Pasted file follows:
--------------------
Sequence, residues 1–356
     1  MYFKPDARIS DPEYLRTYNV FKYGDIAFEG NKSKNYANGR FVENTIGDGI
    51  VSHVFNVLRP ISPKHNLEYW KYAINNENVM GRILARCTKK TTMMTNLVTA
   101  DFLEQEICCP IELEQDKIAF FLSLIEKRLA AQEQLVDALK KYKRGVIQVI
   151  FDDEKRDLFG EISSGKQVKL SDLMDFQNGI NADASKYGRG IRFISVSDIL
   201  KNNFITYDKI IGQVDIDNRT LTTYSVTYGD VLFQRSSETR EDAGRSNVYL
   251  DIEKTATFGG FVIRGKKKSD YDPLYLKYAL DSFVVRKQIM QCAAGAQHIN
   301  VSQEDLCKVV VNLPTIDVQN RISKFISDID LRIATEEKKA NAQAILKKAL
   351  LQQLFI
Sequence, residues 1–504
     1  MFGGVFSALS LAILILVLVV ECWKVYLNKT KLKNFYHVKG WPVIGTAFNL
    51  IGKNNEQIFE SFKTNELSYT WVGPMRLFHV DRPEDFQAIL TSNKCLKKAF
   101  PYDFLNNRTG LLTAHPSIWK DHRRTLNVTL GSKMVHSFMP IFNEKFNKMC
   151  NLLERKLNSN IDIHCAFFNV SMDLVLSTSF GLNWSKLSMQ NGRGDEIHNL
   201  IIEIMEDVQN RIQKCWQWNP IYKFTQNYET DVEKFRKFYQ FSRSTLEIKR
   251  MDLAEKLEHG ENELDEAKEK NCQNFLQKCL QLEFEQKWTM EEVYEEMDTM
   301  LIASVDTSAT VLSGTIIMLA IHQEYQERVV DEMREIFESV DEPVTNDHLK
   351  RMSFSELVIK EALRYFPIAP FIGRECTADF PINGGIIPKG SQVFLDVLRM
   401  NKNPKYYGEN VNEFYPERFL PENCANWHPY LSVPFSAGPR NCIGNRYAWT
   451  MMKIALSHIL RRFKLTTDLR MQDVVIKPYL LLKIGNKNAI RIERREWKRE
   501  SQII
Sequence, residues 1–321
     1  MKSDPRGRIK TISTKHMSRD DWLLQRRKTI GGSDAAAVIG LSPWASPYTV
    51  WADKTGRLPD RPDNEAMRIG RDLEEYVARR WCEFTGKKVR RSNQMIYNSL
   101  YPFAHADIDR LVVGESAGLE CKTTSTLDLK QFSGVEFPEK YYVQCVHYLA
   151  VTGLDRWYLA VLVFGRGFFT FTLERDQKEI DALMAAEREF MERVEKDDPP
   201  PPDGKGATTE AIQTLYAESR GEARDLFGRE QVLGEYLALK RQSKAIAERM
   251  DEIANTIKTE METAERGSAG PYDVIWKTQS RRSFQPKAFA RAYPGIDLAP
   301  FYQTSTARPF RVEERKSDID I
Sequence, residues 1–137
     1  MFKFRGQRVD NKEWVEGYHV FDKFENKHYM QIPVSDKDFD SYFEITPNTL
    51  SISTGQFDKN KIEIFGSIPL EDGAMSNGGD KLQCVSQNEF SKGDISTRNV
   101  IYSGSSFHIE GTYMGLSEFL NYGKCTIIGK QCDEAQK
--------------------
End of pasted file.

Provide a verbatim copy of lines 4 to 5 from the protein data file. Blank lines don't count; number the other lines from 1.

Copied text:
   101  DFLEQEICCP IELEQDKIAF FLSLIEKRLA AQEQLVDALK KYKRGVIQVI
   151  FDDEKRDLFG EISSGKQVKL SDLMDFQNGI NADASKYGRG IRFISVSDIL